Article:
Using a verb in a pathname is going to make the API end-points much more than needed. But in the case of using HTTP methods on the same route, you have a very concise and easy-to-understand API.

For example, can we use GET to create a record?
Again technically speaking, yes! But you shouldn't, as the GET method is conventionally used for retrieving data. And even if you pay attention it makes more sense to say "Get that post" to get that post's data instead of calling it "Post that post" to get that post's data.


Imagine you have a post and you want to retrieve its comments as well. You can use the nesting method to represent the belongings of a resource (like a post) or in a hierarchical situation.

Since you already have a route for GET /posts/{id} you need to add a set of routes as below:

GET /posts/{id}/comments # Get all comments of post with id of {id}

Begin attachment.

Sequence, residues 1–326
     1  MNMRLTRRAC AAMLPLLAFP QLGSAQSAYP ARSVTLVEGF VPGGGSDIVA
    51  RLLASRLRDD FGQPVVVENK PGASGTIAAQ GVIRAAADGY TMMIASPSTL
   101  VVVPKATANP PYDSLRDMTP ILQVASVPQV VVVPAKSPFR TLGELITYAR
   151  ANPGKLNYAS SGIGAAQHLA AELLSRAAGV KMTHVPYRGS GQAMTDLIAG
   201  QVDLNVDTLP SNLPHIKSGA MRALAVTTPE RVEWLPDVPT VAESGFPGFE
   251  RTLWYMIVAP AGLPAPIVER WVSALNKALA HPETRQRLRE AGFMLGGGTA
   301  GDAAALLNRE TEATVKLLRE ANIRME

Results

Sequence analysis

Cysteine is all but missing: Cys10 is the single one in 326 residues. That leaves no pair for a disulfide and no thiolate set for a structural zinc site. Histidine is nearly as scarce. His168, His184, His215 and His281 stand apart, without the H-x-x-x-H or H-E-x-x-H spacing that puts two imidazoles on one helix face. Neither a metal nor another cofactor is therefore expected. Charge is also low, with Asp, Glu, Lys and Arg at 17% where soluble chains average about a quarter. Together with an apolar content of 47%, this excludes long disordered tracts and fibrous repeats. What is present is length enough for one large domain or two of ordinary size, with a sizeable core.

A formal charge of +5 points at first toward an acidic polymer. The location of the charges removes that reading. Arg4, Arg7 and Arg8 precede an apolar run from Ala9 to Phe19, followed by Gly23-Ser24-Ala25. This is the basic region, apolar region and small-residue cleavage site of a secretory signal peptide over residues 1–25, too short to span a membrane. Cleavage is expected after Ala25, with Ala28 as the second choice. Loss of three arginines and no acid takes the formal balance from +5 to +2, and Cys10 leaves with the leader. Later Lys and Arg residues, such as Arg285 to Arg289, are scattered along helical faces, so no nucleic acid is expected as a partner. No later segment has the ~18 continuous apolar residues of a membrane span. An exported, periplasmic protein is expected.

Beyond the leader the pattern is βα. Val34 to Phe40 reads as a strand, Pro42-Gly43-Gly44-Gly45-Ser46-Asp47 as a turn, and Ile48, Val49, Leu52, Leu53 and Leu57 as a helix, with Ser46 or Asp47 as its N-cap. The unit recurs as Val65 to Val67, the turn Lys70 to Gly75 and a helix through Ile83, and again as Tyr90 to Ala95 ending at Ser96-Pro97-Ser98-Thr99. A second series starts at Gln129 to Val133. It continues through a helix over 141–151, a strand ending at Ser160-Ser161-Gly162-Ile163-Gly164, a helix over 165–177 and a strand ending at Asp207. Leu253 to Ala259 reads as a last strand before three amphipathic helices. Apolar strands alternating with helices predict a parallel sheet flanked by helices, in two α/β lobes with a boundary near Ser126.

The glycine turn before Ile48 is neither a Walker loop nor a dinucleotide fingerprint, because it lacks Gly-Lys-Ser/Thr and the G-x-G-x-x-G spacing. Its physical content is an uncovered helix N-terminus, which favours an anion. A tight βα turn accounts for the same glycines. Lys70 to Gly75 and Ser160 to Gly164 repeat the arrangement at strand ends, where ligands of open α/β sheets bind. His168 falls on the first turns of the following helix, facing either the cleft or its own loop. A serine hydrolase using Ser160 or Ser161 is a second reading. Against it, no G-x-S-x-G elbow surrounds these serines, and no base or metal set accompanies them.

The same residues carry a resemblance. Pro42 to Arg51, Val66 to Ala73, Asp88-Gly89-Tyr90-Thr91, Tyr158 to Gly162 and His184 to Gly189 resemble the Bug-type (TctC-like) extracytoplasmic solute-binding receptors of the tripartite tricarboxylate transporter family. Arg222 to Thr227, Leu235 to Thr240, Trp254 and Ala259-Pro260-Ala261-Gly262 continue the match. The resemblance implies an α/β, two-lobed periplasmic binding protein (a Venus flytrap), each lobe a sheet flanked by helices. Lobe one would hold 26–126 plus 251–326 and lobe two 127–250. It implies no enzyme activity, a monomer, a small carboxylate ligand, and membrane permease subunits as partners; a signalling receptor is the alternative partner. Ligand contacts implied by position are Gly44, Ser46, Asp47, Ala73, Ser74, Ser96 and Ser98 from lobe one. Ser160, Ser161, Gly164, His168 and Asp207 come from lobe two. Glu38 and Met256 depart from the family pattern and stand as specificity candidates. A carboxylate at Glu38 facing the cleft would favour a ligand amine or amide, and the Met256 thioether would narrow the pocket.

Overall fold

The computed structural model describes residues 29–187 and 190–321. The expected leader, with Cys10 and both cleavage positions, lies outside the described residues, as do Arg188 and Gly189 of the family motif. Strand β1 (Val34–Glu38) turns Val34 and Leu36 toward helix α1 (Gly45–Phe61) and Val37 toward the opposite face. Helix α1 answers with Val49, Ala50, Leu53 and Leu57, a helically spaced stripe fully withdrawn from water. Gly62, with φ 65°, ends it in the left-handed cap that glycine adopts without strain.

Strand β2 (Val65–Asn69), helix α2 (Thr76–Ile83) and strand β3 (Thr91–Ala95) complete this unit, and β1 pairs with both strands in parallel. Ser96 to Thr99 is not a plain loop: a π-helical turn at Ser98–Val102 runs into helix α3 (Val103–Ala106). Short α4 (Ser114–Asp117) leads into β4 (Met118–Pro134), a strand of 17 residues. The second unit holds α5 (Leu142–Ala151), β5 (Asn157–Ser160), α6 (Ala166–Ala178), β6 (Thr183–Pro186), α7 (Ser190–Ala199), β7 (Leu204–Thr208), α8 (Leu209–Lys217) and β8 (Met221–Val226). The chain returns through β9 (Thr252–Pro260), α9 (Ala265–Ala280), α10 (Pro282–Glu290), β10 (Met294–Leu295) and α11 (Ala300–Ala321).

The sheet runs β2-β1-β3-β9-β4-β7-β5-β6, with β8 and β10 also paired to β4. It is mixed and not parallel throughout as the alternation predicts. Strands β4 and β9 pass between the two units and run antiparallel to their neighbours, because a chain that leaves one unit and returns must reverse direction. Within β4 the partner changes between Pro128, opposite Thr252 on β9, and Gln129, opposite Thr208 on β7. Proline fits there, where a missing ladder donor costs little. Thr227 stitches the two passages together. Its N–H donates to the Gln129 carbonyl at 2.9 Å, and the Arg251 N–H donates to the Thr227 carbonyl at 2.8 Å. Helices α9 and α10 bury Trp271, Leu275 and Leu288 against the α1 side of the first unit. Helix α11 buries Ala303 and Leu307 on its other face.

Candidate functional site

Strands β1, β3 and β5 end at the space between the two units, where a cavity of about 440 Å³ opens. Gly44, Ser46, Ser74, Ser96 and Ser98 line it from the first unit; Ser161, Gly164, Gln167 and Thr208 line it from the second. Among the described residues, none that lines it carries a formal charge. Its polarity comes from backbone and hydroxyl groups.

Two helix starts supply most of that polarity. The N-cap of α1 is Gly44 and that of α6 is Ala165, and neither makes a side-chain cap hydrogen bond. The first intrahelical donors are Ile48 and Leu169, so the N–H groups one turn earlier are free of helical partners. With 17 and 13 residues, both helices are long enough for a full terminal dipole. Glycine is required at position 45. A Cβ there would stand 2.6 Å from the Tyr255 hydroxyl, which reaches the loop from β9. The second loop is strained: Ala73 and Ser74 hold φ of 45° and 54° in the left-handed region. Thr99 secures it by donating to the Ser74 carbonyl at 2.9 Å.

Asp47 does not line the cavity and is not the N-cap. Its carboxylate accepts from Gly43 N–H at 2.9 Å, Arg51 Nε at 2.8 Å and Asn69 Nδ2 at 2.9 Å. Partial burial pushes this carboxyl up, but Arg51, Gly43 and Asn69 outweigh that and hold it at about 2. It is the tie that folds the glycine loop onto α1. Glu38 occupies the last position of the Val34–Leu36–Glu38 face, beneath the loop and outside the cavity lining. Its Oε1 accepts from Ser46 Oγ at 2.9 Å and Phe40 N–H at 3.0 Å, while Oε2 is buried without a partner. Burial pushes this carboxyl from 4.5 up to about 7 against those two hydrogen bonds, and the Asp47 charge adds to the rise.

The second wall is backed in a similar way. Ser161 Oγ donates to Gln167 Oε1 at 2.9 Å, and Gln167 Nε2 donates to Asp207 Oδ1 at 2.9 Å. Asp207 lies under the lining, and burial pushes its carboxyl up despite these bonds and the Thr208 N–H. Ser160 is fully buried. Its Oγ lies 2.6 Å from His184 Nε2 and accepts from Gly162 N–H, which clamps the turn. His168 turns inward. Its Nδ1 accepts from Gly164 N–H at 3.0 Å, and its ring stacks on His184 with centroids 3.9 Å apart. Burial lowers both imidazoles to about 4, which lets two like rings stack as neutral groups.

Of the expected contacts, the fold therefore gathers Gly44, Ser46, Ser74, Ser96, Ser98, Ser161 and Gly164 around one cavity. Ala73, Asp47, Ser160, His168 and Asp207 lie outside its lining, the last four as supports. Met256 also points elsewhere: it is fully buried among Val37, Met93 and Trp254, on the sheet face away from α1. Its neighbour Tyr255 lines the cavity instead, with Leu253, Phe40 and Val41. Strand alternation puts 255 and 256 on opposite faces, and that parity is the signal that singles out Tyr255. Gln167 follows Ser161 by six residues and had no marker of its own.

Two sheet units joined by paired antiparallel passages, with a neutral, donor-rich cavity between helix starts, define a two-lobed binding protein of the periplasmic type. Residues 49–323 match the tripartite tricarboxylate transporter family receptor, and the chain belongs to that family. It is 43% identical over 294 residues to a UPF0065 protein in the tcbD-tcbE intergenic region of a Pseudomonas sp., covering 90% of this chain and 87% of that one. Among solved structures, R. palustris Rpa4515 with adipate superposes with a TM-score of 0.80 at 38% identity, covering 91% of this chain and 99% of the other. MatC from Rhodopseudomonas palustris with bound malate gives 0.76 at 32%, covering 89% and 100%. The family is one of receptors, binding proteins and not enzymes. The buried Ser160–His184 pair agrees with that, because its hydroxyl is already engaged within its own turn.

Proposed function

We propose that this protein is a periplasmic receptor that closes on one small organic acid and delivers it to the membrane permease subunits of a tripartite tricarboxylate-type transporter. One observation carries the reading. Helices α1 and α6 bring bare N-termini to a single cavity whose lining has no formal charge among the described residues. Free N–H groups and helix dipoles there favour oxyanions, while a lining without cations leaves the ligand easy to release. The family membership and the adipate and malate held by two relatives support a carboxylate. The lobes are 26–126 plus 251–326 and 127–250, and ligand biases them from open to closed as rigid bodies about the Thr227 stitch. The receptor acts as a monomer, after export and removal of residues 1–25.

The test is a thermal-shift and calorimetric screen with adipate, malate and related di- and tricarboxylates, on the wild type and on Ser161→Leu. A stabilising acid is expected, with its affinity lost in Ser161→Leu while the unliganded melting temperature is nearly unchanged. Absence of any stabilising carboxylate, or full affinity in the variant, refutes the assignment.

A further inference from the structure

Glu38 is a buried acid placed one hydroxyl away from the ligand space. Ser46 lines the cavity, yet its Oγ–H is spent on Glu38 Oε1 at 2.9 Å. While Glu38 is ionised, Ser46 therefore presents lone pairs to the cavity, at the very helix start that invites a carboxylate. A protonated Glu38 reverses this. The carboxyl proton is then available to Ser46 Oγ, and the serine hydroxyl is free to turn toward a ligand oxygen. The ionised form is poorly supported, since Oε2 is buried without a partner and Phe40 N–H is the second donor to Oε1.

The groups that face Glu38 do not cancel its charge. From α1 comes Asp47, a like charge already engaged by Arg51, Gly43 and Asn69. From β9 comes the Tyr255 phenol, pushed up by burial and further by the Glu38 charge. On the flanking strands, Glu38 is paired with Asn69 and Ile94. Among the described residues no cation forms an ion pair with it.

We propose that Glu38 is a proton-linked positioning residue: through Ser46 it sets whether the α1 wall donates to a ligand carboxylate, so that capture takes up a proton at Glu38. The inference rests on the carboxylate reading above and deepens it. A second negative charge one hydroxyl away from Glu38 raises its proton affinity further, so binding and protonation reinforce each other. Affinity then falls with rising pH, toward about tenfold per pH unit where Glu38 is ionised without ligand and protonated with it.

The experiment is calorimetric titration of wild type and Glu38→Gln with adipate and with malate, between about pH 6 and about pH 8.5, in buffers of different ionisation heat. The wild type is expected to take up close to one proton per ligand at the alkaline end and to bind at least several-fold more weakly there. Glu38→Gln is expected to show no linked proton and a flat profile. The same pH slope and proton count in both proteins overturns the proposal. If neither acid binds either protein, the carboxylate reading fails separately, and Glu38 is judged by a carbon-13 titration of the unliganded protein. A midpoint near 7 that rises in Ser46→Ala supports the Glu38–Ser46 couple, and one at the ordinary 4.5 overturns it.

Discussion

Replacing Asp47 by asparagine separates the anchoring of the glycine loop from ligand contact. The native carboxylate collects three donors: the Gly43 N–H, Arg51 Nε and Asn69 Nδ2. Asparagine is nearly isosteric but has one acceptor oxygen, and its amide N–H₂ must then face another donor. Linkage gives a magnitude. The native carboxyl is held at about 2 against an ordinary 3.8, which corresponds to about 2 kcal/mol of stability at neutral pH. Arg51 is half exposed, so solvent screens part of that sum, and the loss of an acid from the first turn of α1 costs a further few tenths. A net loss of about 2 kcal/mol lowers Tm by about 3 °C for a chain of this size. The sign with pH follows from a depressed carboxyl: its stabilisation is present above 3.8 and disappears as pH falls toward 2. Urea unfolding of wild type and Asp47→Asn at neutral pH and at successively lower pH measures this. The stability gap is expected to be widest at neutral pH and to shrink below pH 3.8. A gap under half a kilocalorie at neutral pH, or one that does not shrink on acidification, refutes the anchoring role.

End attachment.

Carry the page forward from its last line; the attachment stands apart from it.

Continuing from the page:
GET /posts/{id}/comments/{cid} # Get the comment with id of {cid} of post with id of {id}
POST /posts/{id}/comments # Send a comment belonging to post with id of {id}
PUT /posts/{id}/comments/{cid} # Update the comment with id of {cid} of post with id of {id}
DELETE /posts/{id}/comments/{cid} # Delete the comment with id of {cid} of post with id of {id}
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Not always you need to get all the posts or all data of a specific resource. Sometimes you need to filter it, sort it, or paginate it. Despite the fact that how you do this matter in your back-end code you should follow some rules to make your end-points clearer:

  1. Use a full name for the query. Do not use p for paginating or f for filters.
  2. If your query param takes more than one word, separate them with an underline (often referred to as snake_case). For instance, never use limitPerPage or limitperpage, instead you should use limit_per_page.